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Airline crew face drug smuggling charges


Eight people have been arrested in Melbourne over a major drug importation, with international airline cabin crew allegedly used as a courier.

The arrests occurred in Melbourne over the past fortnight, during a joint police operation targeting an organised crime syndicate allegedly behind the importation of more than $20 million of illicit drugs into Australia.

Investigators allege the syndicate brought the drugs into the country from Malaysia, by using an international airline cabin crew as a courier.

Over the past eight days, seven properties across Richmond, Southbank, Abbotsford, Sunshine North and Melbourne were raided by police.

Officers seized six kilograms of heroin with a street value of $14.5 million, eight kilograms of methamphetamine with a street value of $6.4 million and half a kilo of cocaine.

Investigators also seized a Porsche Macan, a Mini Cooper and a significant quantity of cash.

Four women and four men were charged and have appeared before Melbourne Magistrates Court. Six were remanded to reappear in May while two were bailed.

The alleged offenders are linked to the trafficking of at least six kilograms of high-grade heroin and eight kilograms of methamphetamine during the five-month operation.

Crime Command Assistant Commissioner Tess Walsh said the syndicate was well organised and had operated across Australia undetected for many years.

She said its dismantling is a significant win for police and the Victorian community.

"The amount of heroin alone involved in this investigation amounts to almost 50,000 hits in real terms," she said.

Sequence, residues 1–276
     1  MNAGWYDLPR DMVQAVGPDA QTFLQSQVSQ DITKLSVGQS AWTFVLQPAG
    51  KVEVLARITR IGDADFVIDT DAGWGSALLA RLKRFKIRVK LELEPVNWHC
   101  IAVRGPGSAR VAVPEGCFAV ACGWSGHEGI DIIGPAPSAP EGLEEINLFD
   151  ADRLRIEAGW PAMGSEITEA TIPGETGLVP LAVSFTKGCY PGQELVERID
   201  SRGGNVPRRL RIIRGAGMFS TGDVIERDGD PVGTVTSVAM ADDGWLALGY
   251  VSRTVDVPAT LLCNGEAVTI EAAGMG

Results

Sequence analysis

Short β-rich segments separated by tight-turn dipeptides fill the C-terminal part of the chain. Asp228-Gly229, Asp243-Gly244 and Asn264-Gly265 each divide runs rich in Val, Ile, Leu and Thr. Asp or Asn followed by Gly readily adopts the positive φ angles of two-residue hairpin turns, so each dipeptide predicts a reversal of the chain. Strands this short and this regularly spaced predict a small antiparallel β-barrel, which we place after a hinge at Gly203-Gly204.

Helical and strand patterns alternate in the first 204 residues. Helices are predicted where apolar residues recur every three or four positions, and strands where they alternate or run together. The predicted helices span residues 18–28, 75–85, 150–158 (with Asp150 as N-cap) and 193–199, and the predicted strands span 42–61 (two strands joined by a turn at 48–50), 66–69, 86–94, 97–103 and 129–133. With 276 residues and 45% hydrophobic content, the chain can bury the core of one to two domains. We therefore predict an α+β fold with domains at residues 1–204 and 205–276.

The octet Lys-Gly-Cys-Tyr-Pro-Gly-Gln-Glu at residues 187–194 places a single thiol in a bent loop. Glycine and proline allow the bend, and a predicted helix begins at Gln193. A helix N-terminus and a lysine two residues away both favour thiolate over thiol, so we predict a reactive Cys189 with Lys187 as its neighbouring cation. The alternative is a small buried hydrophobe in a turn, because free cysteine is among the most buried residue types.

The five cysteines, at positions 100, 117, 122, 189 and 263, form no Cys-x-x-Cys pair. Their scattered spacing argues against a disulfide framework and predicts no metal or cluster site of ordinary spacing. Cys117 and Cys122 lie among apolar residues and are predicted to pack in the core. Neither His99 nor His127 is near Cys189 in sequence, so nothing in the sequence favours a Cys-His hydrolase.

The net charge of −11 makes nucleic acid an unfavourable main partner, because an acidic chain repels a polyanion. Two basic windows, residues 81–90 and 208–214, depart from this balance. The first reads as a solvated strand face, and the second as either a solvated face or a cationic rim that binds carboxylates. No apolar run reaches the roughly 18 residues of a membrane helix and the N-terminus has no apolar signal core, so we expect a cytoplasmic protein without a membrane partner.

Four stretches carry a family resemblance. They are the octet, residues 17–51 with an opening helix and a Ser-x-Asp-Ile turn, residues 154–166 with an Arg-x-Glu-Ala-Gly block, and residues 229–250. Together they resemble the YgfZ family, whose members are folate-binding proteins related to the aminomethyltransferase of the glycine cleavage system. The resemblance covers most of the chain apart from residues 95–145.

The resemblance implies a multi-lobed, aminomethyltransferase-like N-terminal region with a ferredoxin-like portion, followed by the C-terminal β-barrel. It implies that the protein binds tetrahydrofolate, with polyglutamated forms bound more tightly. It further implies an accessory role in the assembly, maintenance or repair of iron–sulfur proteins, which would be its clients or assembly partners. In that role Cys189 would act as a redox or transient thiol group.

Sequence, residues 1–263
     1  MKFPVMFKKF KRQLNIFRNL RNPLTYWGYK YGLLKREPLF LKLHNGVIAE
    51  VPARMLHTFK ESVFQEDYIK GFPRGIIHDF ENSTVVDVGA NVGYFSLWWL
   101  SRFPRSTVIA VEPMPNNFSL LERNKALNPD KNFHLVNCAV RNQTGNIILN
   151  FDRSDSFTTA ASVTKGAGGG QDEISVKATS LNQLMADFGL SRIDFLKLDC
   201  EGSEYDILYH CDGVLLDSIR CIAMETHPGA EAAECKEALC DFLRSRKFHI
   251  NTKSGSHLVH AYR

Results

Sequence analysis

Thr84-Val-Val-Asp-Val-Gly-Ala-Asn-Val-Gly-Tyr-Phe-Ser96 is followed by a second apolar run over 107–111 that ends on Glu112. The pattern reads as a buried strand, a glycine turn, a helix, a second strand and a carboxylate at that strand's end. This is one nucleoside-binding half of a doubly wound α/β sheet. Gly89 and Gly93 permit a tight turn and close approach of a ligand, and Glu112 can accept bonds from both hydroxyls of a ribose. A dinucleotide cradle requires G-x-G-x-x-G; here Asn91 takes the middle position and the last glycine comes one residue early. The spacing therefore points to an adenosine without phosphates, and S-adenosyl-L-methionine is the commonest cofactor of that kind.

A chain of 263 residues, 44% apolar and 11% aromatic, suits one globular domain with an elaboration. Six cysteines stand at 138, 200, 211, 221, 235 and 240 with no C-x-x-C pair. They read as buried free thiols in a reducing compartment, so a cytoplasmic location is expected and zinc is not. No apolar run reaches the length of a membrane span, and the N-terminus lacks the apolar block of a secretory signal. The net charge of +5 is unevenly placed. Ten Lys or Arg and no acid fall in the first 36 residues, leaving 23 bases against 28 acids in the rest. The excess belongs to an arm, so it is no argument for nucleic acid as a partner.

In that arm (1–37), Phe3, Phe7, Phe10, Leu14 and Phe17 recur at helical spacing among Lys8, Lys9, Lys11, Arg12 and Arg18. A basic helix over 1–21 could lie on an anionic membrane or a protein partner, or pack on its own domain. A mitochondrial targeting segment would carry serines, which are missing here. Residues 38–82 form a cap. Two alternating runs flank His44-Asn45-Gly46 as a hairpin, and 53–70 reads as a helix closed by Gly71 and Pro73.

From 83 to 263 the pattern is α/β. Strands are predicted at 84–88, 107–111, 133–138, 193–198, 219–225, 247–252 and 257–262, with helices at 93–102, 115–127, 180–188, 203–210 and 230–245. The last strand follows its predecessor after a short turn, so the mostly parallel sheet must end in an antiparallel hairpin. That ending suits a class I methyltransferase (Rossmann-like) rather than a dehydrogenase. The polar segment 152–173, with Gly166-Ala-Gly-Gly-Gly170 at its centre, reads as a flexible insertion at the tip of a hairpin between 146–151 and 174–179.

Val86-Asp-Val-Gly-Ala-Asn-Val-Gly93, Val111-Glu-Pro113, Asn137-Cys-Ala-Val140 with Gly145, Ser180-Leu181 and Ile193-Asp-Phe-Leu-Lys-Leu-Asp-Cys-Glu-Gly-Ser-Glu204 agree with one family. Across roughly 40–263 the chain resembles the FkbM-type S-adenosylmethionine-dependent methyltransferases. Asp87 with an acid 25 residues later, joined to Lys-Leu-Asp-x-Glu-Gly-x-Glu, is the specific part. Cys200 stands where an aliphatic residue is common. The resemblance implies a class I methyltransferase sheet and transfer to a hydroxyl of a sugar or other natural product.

"We know the harm that drugs bring - not just the physical and health impacts on users, but the negative flow on effects to the broader community such as property crime, assaults and drug driving."

AFP Commander Amanda Kates said the operation showed strong co-operation between state and commonwealth law enforcement agencies.

Australian Border Force Regional Commander Victoria, Craig Palmer, said any attempt to bring drugs into the country would be met with the full force of Australian border and law enforcement agencies, before, at and after the border.

"Airline staff are not above the law. They are subject to intervention at the border like everyone else and face significant penalties if they are found to be using their positions to attempt to circumvent our border controls," he said.

The operation, which began last August, was conducted by a joint taskforce involving Australian Federal Police, Victoria Police, Australian Border Force and the Australian Criminal Intelligence Commission, with help from the Victoria Police Drug Taskforce.

© AAP 2019

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